Three days before the world learned of President Richard Nixon’s secret taping system — which led to his 1974 resignation — Bob Woodward had the story all to himself.

Woodward, half of the famed Watergate reporting team, called Ben Bradlee, editor of The Washington Post, for his thoughts on whether to write it up.

Bradlee didn’t seem impressed, Woodward recalled Friday night in a UC San Diego appearance with Alexander Butterfield, a subject of his latest book.

Bob Woodward and Alexander Butterfield listen to an audience member’s question. Photo by Chris Stone

“I wouldn’t bust one up [go to the trouble on a Saturday],” Bradlee said. “I think it’s kind of a B-plus story.”

A Price Center audience of 315 swooned. The mostly middle-aged and older crowd knew how momentous that news would become. (Woodward confessed he was happy to have the weekend off.)

Concluding a laugh-dotted chat, moderator and historian Michael Bernstein turned serious.

The Tulane provost addressed his former UCSD graduate student — the man who revealed the White House taping system: “You saved American democracy, Alex. I really believe that.”

Butterfield’s bit part in history is fully fleshed out in “The Last of the President’s Men,” Woodward’s fifth book on Nixon.

A mostly middle-aged to older audience attended the UCSD conversation with Bob Woodward and Alexander Butterfield. Photo by Chris Stone

With the former White House aide’s help — and 20 boxes of four-decade-old documents — Woodward explored a question that still haunts: Who was Richard Nixon?

“History’s never over,” said Woodward, wearing a purple tie on a low ballroom stage. “You think you have the answers — that you know what really happened. Then you run into somebody like Butterfield.”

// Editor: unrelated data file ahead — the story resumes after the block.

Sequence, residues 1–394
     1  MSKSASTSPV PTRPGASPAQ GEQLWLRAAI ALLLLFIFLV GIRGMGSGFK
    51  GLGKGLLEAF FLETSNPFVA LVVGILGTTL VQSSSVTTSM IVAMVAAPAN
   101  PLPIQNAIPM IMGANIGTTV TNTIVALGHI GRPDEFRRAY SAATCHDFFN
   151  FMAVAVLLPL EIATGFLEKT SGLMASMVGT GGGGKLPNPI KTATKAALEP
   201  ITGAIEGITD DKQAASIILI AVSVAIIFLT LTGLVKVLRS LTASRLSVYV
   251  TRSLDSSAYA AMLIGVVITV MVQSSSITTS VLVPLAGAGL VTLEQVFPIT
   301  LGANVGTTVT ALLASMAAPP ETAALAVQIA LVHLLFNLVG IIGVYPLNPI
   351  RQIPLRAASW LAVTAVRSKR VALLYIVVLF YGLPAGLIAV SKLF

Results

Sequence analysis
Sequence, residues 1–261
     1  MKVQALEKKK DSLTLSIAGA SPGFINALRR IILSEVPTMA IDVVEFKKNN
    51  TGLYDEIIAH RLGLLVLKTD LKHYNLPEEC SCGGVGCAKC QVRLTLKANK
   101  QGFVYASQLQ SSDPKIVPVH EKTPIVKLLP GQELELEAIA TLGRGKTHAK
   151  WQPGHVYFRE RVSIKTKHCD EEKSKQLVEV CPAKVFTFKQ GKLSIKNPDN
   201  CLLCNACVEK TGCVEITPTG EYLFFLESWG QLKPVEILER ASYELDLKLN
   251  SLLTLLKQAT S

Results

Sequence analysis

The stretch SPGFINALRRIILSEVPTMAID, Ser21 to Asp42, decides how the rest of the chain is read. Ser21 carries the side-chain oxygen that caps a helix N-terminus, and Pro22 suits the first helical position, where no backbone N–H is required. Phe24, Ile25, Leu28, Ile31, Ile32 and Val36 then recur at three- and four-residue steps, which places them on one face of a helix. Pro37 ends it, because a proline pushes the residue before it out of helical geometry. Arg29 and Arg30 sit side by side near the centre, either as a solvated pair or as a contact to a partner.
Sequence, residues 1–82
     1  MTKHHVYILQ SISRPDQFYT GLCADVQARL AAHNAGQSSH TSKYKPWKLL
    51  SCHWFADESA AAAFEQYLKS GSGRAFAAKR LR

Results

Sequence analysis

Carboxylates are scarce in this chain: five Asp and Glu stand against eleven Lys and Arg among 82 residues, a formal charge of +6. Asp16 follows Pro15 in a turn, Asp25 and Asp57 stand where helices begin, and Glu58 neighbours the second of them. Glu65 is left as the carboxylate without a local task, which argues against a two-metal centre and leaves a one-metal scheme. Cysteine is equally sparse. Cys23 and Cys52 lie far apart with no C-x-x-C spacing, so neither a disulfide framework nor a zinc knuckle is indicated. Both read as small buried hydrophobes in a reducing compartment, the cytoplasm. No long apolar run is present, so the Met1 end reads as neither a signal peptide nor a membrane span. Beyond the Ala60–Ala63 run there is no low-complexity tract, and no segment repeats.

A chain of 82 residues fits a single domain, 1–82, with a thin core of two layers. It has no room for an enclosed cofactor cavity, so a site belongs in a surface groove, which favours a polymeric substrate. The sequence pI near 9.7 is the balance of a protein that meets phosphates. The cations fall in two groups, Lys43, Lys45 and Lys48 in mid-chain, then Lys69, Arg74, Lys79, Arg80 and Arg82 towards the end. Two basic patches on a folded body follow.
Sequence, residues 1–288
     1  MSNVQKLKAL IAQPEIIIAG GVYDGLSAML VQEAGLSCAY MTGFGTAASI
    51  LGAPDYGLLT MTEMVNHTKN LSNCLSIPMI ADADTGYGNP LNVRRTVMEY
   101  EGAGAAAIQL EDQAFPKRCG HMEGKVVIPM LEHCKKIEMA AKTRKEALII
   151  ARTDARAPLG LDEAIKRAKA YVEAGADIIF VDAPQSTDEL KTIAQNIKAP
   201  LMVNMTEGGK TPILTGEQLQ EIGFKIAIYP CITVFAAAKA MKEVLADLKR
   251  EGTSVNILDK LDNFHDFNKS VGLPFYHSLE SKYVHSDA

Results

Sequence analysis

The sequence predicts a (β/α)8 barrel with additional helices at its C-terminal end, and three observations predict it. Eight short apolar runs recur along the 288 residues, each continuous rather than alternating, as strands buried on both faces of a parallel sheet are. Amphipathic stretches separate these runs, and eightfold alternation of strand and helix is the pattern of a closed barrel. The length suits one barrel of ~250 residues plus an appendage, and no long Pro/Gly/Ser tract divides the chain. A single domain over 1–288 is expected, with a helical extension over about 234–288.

The resulting book, tapping Butterfield’s “incredible memory,” contains revelations of Nixon’s barbaric social skills, pettiness, near spousal abuse and evidence (in a memo) that he knew his massive bombing campaign in Vietnam had accomplished “zilch” while publicly proclaiming the war a success.

A longtime La Jolla resident, Butterfield was one of only nine people who knew of the extensive taping system.

As deputy assistant to the president hired by fellow UCLA grad Bob Haldeman, Butterfield didn’t want to be disloyal — “to be the guy who fingered him” — but decided not to lie if asked. And he was.

An audience member listens to Bob Woodward and Alexander Butterfield at UCSD. Photo by Chris Stone

Despite the firestorm of firestorms that ensued, Butterfield still recalls with fondness his 3 1/2 years with Nixon.

“I liked the president,” said Butterfield, 89. “I liked him a lot — once he got to like me. I reciprocated. I liked the hell out of him.”

(Later, after seeing colleagues go to prison for the Watergate cover-up, Butterfield had a change of heart. When Nixon resigned, “I did cheer.”)

Butterfield had kept documents, including the top-secret “zilch” memo, for use in writing a memoir. But it took Woodward, 40 years later, to write the book that revealed what he called “the other side of Watergate” — Nixon using his poll-driven strategy in Vietnam, sacrificing thousands of American lives, to win re-election in 1972.